Bill Clinton has to walk one of the finest lines ever in American politics in his unprecedented transition from president to spouse of candidate. While he has campaigned in Iowa with Senator Hillary Clinton before, he is now hitting the trail on her behalf by himself.
“I’m not asking anyone to support Hillary because they supported me,” Bill Clinton told a crowd of several hundred at the Muscatine YMCA Tuesday afternoon. “If we had never be married and she asked me to come here today, I would do it, because she is the best qualified, best suited non-incumbent who I’ve ever had the chance to vote for in the 40 years I’ve been a voter,” said the former president, chuckling at his own age and presumably excluding his own 1996 re-election.
Recent rhetoric on the Democratic campaign trail has become increasingly contentious, but Bill Clinton offered praise of some of Hillary Clinton’s rivals early in the speech. He thanked Joe Biden and Chris Dodd for their support in the Senate during his two terms, and later, in a question and answer period, praised Dodd again for his work on the Family Medical Leave Act, “the first bill I signed.” He also praised Bill Richardson’s work as Energy Secretary and U.N. Ambassador during his administration.
His praise of his wife’s leading rivals, however, was less effusive: “Whenever Edwards or Obama has something, I read it with interest.” Clinton 42’s critical comments were aimed mainly at Bush 43, in contrast with Clinton 44. “She will cooperate with others whenever we’re able, and act alone only when there’s no alternative,” he said of U.S. foreign policy, “which is the reverse of the last seven years.”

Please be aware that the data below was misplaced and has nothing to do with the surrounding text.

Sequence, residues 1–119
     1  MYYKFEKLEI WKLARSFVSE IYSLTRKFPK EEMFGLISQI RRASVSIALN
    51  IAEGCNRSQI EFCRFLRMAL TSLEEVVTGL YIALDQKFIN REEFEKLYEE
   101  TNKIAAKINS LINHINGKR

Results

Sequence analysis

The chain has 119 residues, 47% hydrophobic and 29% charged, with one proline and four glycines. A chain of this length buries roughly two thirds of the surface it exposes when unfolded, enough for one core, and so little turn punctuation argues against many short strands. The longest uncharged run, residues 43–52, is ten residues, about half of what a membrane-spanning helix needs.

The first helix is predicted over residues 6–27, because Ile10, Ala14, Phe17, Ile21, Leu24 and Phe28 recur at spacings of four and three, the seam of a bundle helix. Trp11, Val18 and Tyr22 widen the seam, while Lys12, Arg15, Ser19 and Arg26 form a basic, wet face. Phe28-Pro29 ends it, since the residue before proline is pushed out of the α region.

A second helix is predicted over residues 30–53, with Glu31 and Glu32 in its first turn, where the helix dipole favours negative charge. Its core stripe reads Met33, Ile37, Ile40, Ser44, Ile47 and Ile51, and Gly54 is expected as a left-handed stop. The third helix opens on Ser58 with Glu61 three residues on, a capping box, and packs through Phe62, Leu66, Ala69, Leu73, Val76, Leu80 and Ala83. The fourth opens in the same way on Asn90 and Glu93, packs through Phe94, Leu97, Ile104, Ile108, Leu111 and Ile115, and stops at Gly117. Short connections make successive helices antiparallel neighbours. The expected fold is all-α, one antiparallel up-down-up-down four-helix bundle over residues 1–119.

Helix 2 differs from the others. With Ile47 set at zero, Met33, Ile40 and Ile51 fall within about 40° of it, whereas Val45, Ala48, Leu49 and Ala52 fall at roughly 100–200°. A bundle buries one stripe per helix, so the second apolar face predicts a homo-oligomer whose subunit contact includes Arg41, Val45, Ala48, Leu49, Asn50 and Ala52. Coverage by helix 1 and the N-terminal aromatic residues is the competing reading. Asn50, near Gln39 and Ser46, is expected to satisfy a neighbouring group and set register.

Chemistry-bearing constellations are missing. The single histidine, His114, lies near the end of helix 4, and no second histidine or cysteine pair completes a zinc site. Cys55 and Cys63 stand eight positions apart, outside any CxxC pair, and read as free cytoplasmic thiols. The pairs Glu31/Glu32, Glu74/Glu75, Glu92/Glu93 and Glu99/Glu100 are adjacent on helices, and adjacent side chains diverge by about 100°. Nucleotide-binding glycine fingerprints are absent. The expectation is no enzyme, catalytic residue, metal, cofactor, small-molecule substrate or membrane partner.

Bill Clinton’s love of the campaign trail is still clear, and he still packs a commanding presence, which flustered the introducer to the point that she lost verbal composure twice and made the phrase “in confident leadership,” referring to his presidency, sound like “incompetent leadership.” But once he had the podium, he adopted a familiar, folksy storytelling style in “a talk, not a speech” that stuck closely to four Hillary Clinton campaign bullet points:
On domestic policy, the former president said his choice for the future president would open the doors of college education to all Americans, and noted that, ”Most of what we did was undone when I left office.”
“She can get America back to the future and back to working on big things that matter,” he said, invoking visions of a DeLorean traveling at 88 miles an hour. “We need to put science back in the hands of scientists and take it out of the hands of politicians and ideologues,” he added to applause.
Clinton also said alternative energy can be a big economic boom. “We’re supposed to be the innovation nation, and these jobs can’t get outsourced, they’re here,” he said, dropping the word ethanol as often as possible “and Hillary believes this is an adventure we ought to take together.” At this point he offered some praise of his former vice president, recent Nobel Peace Prize winner Al Gore, but said the Republican Senate had voted down the Kyoto treaty “before Al even got off the plane” in Japan. “It was the only time I had legislation defeated before I even sent it to them,” he joked.
“Aren’t you getting sick and tired of sending money to the Middle East, or even to our neighbors in Canada and Mexico?” Clinton rhetorically asked. He said oil, not NAFTA, was the main reason for a trade deficit with Mexico. The NAFTA issue came up again in the question period, and Clinton responded with a call for increased trade agreement enforcement and “a reasonable immigration law.”